💡 Instead of "is there anything unclear about the new strategic direction?" try "what part of the new direction is lacking clarity?" or "what excites you about our upcoming projects?'
Also, if you're working remotely, your team might be missing some of the benefits of physical meetings. You need to be ready to smoothly transition to the future of work: a hybrid reality that includes remote work and periodic face-to-face interactions.
Incorporating co-working spaces that enable productive and efficient collaboration, could be the best approach to combining remote and physical work.
5. Offer a platform for anonymous feedback
Allowing anonymous feedback is crucial for effective workplace communication. Sometimes, employees shy away from sharing feedback.
They might be hesitant to make a complaint or divulge their authentic thoughts and emotions openly. In this case, the option for anonymity facilitates the process of sharing more difficult sentiments, which are key insights for managers.
❤️ Officevibe helps managers improve team communication and build a culture of continuous feedback
We take communication seriously and put continuous effort into ensuring that our product helps managers and teams master effective, two-way communication. Here’s how:
- Our anonymous feedback tool allows employees to share their thoughts anonymously, and lets managers respond to the feedback directly in the platform. Opening up a dialogue about issues in real-time helps start important conversations before problems become too big.
- Answering feedback isn’t always easy. Our latest Feedback Guidance Feature guides managers in responding to all sorts of feedback. We’ll always be there to guide you, but you’ll improve over time, and eventually, answering even the toughest feedback will become natural to you.
- We believe in meaningful, effective, and collaborative communication, always. Our one-on-one tool lets managers and employees set talking points in a collaborative agenda and even helps managers kick-start discussions with dozens of Conversation Starters that are proven to promote solution-finding and openness.
6. Ask for employee feedback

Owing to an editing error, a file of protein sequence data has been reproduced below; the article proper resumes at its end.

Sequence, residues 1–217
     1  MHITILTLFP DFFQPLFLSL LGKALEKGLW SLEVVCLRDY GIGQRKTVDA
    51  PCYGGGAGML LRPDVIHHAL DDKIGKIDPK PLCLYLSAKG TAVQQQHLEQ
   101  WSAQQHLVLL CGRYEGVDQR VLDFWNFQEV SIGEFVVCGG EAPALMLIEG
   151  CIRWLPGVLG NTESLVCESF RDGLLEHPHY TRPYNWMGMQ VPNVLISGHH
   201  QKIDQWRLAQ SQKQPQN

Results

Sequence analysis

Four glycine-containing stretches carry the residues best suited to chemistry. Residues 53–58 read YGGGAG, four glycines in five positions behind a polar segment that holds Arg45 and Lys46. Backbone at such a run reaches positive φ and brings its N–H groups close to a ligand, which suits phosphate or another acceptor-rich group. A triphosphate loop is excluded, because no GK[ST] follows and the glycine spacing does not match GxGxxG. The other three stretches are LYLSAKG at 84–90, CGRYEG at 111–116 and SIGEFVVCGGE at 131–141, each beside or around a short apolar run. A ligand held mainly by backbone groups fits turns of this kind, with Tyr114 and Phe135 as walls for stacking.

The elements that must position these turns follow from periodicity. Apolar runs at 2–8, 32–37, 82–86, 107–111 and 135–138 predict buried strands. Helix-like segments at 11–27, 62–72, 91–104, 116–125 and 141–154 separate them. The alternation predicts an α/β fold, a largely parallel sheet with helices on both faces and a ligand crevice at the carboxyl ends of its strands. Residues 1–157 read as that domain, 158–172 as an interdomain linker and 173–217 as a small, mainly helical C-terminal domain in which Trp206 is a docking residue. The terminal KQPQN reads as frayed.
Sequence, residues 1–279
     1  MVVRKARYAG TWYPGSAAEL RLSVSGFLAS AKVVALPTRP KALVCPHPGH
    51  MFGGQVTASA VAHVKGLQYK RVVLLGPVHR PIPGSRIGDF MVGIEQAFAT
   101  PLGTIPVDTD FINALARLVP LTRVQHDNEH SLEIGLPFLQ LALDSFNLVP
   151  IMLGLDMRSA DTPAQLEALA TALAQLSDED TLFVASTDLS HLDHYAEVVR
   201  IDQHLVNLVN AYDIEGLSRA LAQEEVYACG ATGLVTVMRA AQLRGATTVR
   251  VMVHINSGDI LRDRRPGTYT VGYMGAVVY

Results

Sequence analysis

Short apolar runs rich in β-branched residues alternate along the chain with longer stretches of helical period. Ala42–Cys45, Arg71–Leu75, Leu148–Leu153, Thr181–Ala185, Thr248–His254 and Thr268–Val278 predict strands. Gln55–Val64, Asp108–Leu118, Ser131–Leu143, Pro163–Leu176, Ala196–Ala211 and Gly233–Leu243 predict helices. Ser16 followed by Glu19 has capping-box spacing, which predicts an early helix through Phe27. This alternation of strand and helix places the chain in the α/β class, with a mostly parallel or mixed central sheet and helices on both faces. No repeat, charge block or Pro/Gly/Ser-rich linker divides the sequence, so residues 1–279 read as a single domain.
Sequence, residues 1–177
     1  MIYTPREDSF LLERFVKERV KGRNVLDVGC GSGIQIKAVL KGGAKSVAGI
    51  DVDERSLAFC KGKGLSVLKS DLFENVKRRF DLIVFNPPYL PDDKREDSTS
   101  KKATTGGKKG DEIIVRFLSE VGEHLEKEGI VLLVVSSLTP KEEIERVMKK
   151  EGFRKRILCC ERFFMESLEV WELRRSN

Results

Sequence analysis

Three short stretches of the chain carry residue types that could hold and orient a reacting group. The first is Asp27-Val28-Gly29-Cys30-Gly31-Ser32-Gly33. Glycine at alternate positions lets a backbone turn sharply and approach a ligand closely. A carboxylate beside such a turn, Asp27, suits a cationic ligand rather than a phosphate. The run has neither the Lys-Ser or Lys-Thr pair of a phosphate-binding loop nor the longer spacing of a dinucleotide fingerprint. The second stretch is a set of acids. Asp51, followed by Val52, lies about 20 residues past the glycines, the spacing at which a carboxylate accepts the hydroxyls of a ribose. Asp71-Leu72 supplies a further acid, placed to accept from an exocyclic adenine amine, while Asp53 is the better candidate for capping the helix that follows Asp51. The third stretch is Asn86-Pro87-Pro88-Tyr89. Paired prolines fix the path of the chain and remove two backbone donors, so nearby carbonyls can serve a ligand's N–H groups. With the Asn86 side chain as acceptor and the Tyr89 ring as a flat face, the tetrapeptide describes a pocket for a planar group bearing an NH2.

Effective communication is never top-down or one-way. Always give the team the chance to give you, their leader, feedback.
For example: Ask teams to communicate their feedback on your performance as a manager. Or ask them to share their input on the upcoming strategy you presented. The idea is to keep lines of communication open and get rid of hierarchical barriers. Everyone has something to learn, especially managers.
💥We created a Toolbox for managers with frameworks, guides, templates, and checklists to get them through their most common management challenges.
7. Communicate face-to-face
Using tools like Slack and email is efficient, however, they're not the most ideal for building lasting connections.
It's important to remember that face-to-face communication holds a great amount of value when it comes to sincerity and authenticity. In-person conversations aren't always accessible, but there are ways to facilitate this in a remote work environment.
Part of effective communication is human interaction. With this in mind, try speaking instead of typing as often as possible without disrupting the flow of work.
This will further facilitate getting to know your team's body language, personality, and tone. It's especially helpful when it comes to giving feedback.
If you can't be face-to-face, try hosting video calls rather than phone calls. They help to reduce distractions during important conversations and strengthen peer-to-peer interactions when you and your employees can't physically be in the office.
8. Master your body language
Non-verbal communication is important. Your body language has a huge impact on how people perceive you and gauge reactions.
Communicate with physical presence and ensure that your body language is open and approachable. When working remotely, your body language speaks volumes. Here are a few key points to keep in mind:
- Smile (if you're feeling it). Seeing your teammate smiling back at you is comforting!
- Keep your arms uncrossed to demonstrate openness
- Maintain an upright posture to show your engagement
- Maintain eye contact. Looking into the camera when you speak and looking at the person speaking when it's their turn shows that you're present.
- Turn off device notifications to minimize distractions
9. Know when less is more
In a perfect world, employees can power down after work hours and stop checking emails. The truth is, many of us are so connected to our jobs and our devices.